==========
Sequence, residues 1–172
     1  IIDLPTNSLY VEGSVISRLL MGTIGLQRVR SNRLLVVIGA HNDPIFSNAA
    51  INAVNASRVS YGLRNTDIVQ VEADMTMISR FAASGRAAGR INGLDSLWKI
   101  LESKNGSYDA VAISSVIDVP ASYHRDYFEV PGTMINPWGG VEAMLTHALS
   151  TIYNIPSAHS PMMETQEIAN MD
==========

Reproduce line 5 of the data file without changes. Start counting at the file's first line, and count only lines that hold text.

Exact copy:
   151  TIYNIPSAHS PMMETQEIAN MD